Global civil society can support peace-building in conflict areas around the world by buying and promoting cocoa produced by grassroots communities working for peace and social justice.
Many places where cocoa is produced are affected by violence – either the direct violence of war, or the structural violence of poverty and marginalization.
Those who enjoy the relative security of the global north may think of such places as comfortingly remote from their everyday lives. Yet the fact is that even residents of the global north are intimately connected to the people who produce their food. They are thus indirectly implicated in the violence of such places.
Yet everyone can choose to contribute to local peace-building efforts, regardless of where they live. Often, in the darkest corners of the world, where people have suffered unbelievable atrocities, there are astonishing examples of humanity, love, creativity, and solidarity, which can serve as inspiration for us all.
Some of these people are cocoa farmers.
The Peace Community of San José de Apartadó are rural farmers in the war-torn region of Urabá in northwest Colombia. Trapped between left-wing guerrillas, right-wing paramilitaries, and state armed forces, they declared themselves neutral to the country’s 50-year armed conflict in 1997, as a self-protection strategy. Despite massacres, multiple forced displacements, torture, death threats, forced disappearances, and selective assassinations of leaders and even children, they have stubbornly and staunchly remained on their land.
In addition to their human rights work, the Peace Community also produces organic and fair-trade cocoa. They sell up to 100 tonnes per year to British multinational Lush Cosmetics, which uses their cocoa butter in products sold in 1000 shops in 50 countries, and helps raise awareness about the Peace Community’s human rights situation.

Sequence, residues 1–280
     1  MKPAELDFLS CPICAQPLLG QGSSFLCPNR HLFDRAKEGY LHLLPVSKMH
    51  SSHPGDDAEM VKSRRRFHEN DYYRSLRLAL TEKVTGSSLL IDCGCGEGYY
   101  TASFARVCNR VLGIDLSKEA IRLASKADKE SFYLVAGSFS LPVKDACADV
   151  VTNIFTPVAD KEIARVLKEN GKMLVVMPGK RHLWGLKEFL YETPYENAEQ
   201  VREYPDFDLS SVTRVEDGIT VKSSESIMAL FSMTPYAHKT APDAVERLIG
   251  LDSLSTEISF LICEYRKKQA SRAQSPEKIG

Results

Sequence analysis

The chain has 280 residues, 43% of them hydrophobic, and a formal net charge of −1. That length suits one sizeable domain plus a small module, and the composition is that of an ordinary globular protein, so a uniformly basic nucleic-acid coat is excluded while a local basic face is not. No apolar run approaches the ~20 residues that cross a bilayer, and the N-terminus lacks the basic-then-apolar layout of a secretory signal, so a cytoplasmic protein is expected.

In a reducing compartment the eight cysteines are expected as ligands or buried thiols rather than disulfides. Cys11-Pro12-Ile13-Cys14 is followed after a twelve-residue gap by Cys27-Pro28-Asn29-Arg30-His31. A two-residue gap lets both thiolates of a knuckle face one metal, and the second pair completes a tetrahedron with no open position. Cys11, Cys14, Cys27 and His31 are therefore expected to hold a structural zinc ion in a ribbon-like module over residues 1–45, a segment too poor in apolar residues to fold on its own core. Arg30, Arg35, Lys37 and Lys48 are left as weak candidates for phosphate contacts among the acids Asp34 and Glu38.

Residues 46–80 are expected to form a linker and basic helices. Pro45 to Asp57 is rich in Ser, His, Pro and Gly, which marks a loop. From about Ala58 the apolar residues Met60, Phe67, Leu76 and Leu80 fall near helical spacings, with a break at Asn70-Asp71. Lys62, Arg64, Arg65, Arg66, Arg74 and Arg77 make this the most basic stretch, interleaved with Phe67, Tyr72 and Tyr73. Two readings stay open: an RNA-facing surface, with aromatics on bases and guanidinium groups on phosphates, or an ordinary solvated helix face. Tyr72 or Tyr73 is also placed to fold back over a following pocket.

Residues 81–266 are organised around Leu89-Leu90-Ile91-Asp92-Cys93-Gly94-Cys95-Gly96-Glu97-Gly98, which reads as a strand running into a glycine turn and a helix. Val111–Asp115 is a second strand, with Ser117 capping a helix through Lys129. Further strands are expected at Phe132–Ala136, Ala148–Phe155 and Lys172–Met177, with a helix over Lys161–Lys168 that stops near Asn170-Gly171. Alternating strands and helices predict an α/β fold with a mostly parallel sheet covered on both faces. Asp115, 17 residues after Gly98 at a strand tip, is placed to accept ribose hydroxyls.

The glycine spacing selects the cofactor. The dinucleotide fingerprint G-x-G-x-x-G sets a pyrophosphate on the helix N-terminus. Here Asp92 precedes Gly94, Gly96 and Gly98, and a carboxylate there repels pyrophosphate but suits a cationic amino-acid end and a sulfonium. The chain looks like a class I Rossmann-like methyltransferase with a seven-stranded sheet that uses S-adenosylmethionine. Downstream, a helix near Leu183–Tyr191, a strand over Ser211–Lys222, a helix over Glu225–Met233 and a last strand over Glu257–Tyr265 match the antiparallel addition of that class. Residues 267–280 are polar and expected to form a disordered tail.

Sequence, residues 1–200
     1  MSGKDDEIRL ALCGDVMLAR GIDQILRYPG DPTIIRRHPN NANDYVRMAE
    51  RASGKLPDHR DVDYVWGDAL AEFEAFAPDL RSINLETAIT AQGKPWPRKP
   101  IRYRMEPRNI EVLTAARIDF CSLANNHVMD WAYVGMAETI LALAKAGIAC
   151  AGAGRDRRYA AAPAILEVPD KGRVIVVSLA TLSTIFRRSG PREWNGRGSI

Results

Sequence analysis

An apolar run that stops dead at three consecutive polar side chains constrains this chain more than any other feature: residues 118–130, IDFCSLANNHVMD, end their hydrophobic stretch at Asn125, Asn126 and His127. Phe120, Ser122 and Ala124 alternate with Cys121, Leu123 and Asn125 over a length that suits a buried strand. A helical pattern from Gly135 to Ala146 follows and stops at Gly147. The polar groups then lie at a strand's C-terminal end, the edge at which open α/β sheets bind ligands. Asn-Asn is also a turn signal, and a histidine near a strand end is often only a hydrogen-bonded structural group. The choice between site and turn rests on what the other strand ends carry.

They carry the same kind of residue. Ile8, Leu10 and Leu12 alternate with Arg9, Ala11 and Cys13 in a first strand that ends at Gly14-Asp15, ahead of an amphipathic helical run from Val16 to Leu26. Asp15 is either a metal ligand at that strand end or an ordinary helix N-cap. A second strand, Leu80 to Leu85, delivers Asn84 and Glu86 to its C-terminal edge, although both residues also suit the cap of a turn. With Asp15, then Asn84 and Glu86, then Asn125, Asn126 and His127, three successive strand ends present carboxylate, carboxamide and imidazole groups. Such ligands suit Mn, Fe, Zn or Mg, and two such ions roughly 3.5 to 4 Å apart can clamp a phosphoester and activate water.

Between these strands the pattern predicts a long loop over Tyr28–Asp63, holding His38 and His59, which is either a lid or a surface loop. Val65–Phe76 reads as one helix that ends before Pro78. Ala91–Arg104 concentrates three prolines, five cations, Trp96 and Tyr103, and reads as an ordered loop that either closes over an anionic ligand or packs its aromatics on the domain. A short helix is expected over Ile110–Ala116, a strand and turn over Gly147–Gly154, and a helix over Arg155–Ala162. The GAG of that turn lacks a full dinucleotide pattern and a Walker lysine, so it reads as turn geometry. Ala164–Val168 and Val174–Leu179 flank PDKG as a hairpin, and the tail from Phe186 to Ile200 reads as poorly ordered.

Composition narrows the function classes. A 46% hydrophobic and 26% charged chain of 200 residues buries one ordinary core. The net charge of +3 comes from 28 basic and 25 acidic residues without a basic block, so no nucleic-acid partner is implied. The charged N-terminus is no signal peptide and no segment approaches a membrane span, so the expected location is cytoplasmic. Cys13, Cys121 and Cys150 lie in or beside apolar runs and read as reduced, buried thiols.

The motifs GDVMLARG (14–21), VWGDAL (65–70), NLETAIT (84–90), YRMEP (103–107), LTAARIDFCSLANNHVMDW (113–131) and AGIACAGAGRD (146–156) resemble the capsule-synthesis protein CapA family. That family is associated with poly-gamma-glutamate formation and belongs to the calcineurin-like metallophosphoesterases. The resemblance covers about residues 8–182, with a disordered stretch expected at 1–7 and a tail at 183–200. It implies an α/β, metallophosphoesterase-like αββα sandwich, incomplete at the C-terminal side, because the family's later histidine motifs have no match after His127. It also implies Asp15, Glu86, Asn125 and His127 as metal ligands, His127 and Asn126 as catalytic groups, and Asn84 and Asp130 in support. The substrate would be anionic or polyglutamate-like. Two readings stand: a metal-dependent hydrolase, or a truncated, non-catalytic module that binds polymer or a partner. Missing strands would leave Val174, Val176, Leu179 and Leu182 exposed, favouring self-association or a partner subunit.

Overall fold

Cocoa plays a central role in the Peace Community’s local conception of peace. In the words of one member, “We strive for something alternative. As we say, a life path which builds peace. In the Community, it is our life for our brother. Where there is death, we sow life.”
Amid multiple attempts in Colombia to broker peace nationally, the Peace Community’s grassroots understanding of peace is a source of inspiration: it goes beyond the absence of violence, evoking solidarity economics, community labor and living, relationship with nature, social justice, and historical memory of the conflict. Ultimately, these principles could offer hope and inspiration to people around the world.
Experiences such as the Peace Community’s invite us to rethink our relationship with food; to value the efforts of those who produce it, their knowledge, struggles, and ideas; and to build bridges between victims of all types of violence and global civil society – for example, searching out cocoa connected to peace-building initiatives.
Próximamente versión en español
Entry added: January 4, 2023
Verified on: September 14, 2023
Gwen Burnyeat, Junior Research Fellow in Anthropology, Merton College, University of Oxford
Academic / University Faculty
Chocolate, Politics and Peace-Building: An Ethnography of the Peace Community of San José de Apartadó, Colombia, Gwen Burnyeat, Cham: Palgrave Macmillan, 2018 (accessed January 17, 2023)
“Colombia’s Unsung Heroes,” Gwen Burnyeat, The London School of Economics and Political Science (LSE) Latin America and Caribbean Blog, June 7, 2018 (accessed January 17, 2023)
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